1-2 Weeks
Elkin & Nelson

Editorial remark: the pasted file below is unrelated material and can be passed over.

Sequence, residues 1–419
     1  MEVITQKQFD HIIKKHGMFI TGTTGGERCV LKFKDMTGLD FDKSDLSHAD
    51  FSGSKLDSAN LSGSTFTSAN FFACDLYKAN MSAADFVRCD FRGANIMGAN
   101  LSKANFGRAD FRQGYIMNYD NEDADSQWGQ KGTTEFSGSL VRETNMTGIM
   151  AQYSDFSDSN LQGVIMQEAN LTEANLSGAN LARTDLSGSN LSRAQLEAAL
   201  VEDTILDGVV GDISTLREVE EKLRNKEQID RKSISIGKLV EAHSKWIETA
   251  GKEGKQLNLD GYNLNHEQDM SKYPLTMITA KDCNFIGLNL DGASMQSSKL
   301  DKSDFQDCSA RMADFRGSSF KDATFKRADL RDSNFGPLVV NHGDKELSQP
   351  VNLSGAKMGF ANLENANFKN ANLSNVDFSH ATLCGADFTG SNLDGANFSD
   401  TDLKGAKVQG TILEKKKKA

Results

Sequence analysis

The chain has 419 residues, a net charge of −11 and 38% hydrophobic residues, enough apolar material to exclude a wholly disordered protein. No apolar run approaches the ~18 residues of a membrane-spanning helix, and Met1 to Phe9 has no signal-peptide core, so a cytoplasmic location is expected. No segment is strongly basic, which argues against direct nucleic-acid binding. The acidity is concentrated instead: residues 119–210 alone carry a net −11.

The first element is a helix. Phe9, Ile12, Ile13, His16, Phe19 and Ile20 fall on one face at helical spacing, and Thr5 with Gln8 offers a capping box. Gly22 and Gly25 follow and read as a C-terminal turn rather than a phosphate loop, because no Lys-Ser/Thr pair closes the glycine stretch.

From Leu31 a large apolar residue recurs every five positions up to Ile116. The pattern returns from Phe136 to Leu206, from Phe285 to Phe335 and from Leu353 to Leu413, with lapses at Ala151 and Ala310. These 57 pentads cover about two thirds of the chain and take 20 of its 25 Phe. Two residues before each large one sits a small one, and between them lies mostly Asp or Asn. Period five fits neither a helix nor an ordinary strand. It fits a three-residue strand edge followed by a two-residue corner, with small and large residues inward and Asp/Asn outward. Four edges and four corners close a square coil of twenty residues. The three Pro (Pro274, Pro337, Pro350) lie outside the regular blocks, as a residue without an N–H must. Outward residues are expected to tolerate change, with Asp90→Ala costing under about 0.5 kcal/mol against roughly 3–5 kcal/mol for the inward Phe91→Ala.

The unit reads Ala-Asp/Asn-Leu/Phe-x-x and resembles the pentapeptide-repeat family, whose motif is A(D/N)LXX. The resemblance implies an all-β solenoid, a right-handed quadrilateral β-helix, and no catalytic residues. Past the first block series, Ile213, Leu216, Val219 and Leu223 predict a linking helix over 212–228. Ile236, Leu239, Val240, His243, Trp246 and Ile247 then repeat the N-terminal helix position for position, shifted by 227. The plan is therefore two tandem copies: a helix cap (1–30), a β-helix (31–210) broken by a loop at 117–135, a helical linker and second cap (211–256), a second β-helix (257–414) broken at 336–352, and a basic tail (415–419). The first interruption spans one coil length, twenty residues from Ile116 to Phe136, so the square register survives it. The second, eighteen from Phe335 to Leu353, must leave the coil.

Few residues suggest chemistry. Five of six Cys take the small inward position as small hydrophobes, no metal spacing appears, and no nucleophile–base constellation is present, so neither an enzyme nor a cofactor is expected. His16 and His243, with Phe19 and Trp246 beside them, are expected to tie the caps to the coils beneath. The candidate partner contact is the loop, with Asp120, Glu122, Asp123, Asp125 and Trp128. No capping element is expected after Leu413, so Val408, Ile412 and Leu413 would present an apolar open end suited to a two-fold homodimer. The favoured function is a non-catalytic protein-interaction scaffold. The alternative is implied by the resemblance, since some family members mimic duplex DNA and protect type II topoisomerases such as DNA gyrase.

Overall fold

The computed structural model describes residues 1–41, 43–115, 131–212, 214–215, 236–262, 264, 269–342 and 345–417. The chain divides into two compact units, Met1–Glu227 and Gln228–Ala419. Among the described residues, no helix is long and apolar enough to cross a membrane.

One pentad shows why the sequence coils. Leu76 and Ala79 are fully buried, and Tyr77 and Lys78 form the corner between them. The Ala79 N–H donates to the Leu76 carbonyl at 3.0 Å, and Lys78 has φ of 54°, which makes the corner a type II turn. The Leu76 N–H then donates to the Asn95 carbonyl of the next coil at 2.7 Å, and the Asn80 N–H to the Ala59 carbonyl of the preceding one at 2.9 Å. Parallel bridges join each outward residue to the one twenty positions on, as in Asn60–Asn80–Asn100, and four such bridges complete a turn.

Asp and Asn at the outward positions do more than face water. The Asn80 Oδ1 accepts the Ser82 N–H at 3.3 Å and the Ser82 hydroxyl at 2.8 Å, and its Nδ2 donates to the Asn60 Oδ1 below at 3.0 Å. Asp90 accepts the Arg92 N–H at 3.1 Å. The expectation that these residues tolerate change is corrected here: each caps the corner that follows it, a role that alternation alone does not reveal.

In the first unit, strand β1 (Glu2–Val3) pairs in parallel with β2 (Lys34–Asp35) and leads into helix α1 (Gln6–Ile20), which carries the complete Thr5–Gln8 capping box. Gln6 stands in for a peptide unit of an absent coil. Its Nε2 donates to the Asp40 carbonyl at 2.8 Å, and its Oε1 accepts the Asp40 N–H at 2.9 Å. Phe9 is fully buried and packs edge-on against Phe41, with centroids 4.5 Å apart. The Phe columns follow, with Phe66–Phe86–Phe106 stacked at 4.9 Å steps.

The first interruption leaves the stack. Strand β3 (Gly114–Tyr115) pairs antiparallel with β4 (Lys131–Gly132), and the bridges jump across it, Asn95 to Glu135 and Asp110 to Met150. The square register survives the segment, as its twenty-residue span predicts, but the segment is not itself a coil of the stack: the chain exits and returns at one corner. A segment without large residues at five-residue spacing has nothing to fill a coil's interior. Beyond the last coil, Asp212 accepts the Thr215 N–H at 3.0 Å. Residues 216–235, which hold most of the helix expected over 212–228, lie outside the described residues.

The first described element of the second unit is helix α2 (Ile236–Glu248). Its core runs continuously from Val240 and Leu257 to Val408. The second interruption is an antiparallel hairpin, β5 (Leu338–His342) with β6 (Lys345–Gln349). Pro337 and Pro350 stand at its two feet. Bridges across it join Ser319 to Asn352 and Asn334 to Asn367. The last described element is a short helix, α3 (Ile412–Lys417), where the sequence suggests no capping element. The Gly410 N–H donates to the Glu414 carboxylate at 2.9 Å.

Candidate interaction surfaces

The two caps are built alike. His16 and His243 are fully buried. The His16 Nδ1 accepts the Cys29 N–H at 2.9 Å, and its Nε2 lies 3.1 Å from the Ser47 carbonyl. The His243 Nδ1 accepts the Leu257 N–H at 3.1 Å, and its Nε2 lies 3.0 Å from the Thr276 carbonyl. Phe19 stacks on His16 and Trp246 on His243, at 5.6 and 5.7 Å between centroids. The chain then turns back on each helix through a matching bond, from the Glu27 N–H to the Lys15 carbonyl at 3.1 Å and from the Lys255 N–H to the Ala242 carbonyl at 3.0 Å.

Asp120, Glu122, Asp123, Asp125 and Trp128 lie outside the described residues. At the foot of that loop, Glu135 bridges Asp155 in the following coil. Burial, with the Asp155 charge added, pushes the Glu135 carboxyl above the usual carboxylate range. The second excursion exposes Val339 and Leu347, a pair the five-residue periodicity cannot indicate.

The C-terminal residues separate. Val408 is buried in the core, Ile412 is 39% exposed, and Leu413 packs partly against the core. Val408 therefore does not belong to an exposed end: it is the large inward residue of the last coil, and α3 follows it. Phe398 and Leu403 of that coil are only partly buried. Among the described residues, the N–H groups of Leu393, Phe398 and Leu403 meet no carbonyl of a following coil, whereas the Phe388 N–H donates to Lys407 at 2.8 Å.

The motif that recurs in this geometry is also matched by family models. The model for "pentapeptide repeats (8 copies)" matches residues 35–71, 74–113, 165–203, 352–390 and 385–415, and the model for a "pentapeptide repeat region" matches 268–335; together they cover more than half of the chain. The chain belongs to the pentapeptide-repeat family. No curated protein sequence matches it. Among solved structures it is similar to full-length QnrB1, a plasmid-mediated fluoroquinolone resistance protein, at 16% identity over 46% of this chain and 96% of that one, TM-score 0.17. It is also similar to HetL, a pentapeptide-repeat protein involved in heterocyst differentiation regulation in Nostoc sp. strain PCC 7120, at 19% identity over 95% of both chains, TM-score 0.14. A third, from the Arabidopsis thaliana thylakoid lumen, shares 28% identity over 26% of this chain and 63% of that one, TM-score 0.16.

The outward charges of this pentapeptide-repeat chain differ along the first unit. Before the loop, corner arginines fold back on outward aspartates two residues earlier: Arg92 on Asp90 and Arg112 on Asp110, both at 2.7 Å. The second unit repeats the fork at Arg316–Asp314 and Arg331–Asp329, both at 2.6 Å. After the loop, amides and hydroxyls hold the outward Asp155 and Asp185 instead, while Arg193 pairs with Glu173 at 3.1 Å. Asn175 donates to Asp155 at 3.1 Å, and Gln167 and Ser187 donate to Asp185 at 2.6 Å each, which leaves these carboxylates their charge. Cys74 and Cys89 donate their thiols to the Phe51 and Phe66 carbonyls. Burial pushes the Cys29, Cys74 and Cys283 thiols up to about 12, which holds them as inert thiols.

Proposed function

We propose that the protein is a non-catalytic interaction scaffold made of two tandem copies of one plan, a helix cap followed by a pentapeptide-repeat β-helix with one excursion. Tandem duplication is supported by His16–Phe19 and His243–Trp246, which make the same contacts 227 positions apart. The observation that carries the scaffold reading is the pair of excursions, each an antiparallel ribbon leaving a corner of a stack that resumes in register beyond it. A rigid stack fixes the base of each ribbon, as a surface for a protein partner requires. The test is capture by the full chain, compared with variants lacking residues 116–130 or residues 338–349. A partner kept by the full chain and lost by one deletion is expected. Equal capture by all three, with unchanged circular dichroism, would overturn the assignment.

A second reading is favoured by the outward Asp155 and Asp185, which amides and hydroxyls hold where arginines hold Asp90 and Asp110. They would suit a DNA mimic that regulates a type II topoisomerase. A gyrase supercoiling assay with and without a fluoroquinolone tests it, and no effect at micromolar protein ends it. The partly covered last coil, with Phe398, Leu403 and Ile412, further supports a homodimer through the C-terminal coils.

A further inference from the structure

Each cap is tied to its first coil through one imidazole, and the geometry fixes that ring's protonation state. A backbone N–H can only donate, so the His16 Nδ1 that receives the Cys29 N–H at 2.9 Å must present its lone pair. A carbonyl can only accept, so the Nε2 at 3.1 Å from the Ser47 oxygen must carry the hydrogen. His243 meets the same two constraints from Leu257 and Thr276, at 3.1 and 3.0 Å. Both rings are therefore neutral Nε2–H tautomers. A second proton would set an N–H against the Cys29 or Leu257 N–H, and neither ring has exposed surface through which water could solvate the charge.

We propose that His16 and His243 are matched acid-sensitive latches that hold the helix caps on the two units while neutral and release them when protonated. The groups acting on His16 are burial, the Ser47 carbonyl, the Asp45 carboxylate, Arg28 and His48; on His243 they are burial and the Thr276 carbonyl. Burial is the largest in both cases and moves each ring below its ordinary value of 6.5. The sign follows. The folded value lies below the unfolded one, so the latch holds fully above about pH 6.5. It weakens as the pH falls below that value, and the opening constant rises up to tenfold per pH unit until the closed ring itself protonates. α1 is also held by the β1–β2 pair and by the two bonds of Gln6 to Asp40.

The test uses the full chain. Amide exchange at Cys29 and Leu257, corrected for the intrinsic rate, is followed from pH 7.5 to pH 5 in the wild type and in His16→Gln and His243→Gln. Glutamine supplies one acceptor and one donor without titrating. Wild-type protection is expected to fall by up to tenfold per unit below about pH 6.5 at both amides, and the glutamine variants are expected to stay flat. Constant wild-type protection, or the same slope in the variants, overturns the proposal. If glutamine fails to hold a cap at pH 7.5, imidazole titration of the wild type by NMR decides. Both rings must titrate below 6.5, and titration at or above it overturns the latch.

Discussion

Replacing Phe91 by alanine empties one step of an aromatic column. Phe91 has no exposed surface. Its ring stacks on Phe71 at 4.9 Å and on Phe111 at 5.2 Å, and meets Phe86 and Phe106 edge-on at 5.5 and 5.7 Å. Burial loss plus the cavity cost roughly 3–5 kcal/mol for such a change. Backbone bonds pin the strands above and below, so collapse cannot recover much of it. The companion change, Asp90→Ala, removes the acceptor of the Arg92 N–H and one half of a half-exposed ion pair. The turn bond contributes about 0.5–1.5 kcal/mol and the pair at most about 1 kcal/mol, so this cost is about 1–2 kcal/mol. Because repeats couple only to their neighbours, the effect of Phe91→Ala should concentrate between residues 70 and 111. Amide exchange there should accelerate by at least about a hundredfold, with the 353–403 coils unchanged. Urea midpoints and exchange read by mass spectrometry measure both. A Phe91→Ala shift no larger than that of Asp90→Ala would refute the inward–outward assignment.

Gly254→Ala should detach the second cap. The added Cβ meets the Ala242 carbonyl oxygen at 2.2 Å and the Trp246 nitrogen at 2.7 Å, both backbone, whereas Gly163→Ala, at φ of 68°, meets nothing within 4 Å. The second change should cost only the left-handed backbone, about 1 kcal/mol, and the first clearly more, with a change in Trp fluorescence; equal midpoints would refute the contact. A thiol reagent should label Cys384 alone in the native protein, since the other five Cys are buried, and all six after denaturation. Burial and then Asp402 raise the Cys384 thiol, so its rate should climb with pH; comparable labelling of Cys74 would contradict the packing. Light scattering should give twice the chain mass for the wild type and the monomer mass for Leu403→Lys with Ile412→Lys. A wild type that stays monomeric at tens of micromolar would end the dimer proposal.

Vinyl-only release. Released in 1974, Elkin & Nelson added unique flavors to the Spanish pop music of the time: Latin American songs and rhythms (plus The Doors' "Light My Fire") performed with freshness and intensity. The LP features the duo's first radio hit, "A Caballo," and was brilliantly produced by the most misunderstood musician among the Spanish beat pioneers: Juan Pardo, briefly a singer in Los Pekenikes and founding member of both Los Brincos and Juan & Junior. Brothers Elkin and Nelson Marín Pérez arrived in Spain some time in 1973. They were from Medellín (Colombia) and along with their luggage, they brought their own compositions and South American, Caribbean and even American songs, many of them unknown in Europe. Merely playing acoustic guitars and with an exuberant way of singing, they put up an energetic show around the clubs in Madrid. Juan Pardo was fascinated by their strength and took them to CBS, at the time the most audacious record company in the Spanish market. Elkin & Nelson is a great example of the top class productions by CBS in '70s Spain. The best studio musicians in Madrid were hired and the result was lovingly packaged by the company's art department. For the photo session, the brothers were styled in a glamorous way, close to the look associated with the "Gay Power" movement. It was a very risky move which didn't gain them a lot of sympathy. Even in the later years of Franco's regime, homosexuals were persecuted in Spain and extravagant looks weren't allowed on the public TV channel. The anecdote about the cancellation of a performance by the British band Sweet after the censors saw their looks a few minutes before coming on air is well-known. However, Elkin & Nelson did create a stir: they were the only Spanish-singing artists featured in Gay Rock (Ediciones Júcar, 1975), the influential book by Eduardo Haro Ibars, although the author and poet was disappointed when he interviewed the Colombians and found out that they weren't even interested in playing with their sexual ambiguity. In later decades, the Marín Pérez brothers briefly reappeared in Spain with records as a duo or solo releases by Elkin. Gatefold sleeve includes liner notes and the original 1974 artwork, pressed on 180 gram vinyl in a limited edition of 1,000 copies.